A proposal that would protect the identity of concealed carry permit holders, repeal a ban on sound suppressors and other reforms passed a House committee by unanimous vote Tuesday.
The legislation successfully navigated the House Judiciary Committee on a 3-0 vote and would safeguard the more than 220,000 Iowa handgun permit holders from data releases as well allow the state to become the 40th to allow private ownership of otherwise legal registered suppressors.
The wide-reaching set of measures were reportedly crafted by Sen. Steve Sodders, D-State Center, chairman of the Iowa Senate Judiciary Committee, and Rep. Matt Windschitl, R-Missouri Valley, the House speaker pro tem, with input from the National Rifle Association and the Iowa Firearms Coalition.
“IFC and NRA have worked extensively on these bills that were recently introduced,” IFC board member Jeff Burkett told the Iowa Statesman. “They carry components from various bills that we’ve worked on passing in the past and we also worked in conjunction with law enforcement lobbying groups in Iowa to put together what we feel are very good bills.”
First, it would place gun permit holder information out of bounds from public and Freedom of Information requests. Currently, anyone can get the name, address and birth date of concealed carry permit holders by a simple process. The language in the bill is similar to a proposal that passed the House in a 95 to 3 vote last session but was sidelined in the Senate.
This latest attempt has media groups in the state, who currently have access to the data, crying foul.
“While citizens have a right to bear arms, not everyone is entitled to carry a concealed weapon,” reads an op-ed from the editorial board of the Des Moines Register published Tuesday. “That is a privilege, and the ability of Iowans to see precisely who has been granted that privilege — and who has been denied — hinges on their access to that information.”
Next in the legislation would be to repeal the state’s near total ban on National Firearms Act-compliant sound suppressors. Currently, the Hawkeye State prohibits private citizens from owning an otherwise legal suppressor. The only slim exceptions are for devices “possessed and used by a person solely for the purpose of shooting a deer pursuant to an approved city special deer population control plan.”
As the law stands today, possession of a suppressor is a Class D felony, which is punishable by as much as $7,500 in fines and up to five years in prison.
In 2014, a measure introduced by Windschitl, HF 2381, passed the state House by an impressive 83 to 16 vote only to falter in the state Senate.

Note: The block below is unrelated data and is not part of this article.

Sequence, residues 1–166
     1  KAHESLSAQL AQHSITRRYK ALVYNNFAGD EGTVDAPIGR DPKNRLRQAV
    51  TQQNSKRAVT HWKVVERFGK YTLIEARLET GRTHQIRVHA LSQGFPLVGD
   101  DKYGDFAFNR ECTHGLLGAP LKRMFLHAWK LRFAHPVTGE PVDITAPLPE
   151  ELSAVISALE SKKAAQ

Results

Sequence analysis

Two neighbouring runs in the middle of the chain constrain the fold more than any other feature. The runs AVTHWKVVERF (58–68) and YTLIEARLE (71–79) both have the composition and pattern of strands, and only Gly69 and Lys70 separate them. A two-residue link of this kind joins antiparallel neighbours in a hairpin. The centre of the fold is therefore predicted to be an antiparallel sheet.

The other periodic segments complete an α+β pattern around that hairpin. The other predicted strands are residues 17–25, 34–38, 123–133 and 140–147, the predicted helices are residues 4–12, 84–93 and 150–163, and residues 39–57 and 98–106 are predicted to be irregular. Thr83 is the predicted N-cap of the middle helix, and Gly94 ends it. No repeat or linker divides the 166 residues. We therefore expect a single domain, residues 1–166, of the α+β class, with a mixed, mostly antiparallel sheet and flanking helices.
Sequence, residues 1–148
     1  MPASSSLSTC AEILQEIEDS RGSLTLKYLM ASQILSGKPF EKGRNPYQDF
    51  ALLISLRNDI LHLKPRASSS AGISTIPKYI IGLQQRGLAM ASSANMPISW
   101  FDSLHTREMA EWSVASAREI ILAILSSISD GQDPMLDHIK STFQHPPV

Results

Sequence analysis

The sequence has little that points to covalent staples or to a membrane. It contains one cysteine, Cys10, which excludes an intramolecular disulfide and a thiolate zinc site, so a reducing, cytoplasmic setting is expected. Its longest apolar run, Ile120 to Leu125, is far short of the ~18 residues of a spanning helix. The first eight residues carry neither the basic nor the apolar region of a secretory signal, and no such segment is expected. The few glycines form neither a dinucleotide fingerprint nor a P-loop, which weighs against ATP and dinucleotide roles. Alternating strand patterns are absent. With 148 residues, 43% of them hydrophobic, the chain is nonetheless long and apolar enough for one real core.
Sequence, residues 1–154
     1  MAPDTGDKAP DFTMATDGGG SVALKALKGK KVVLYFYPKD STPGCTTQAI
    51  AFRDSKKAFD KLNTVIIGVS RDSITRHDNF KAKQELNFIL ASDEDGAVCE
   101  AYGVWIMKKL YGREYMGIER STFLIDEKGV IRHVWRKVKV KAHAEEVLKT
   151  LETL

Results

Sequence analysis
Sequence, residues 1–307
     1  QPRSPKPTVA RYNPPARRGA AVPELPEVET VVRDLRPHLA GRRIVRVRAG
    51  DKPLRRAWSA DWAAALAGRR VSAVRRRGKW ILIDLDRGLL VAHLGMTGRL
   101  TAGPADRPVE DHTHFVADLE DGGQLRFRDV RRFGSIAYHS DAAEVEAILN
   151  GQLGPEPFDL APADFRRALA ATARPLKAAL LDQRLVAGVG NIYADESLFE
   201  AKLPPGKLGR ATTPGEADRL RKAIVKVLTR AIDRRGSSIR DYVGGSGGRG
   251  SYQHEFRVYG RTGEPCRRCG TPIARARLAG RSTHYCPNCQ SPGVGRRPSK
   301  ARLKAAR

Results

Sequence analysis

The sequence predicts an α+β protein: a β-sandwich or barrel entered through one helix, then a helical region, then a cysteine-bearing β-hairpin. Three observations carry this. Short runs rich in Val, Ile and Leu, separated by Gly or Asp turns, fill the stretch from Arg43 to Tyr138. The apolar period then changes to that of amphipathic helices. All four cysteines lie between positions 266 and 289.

The IFC maintains that the bill suffered its controversial death after gun rights lobby groups had received pledges to support for the legislation from every Republican senator and 20 out of 26 Democrats.
Lawmakers caution opponents to the suppressor language that the devices still require extensive federal hoops to jump through before Iowans could obtain the Title II items.
“It is an extensive process. It is not just where you walk in and purchase one,” Windschitl said. “You have to do background checks, you have to send in fingerprint cards, you have to pay a $200 tax stamp, per suppressor, per purchase. So it is very regulated.”
Besides allowing private suppressor ownership, the bill contains shall-certify language making it mandatory for local law enforcement to approve legal paperwork — a key part of the process.
In addition to the privacy and NFA sections of the legislation, the proposal also includes mandates to loosen regulations on youth handgun possession for target shooting and hunting reasons provided they are given the firearm by a parent, instructor or guardian. Current laws limit this practice to youth 14 and over.
Finally, the measure strengthens straw purchase laws in the state, proposes to allow mandatory gun training to be accomplished online and extended to every ten years from the current five, and extends the ability of licensed security guards to carry on public school property.
As in last session, the wild card for either chamber’s measure to make it to the desk of Gov. Terry Branstad (R) is to make it through the 50-seat state Senate with its 26 Democrats and 24 Republicans, the same split seen the last four years.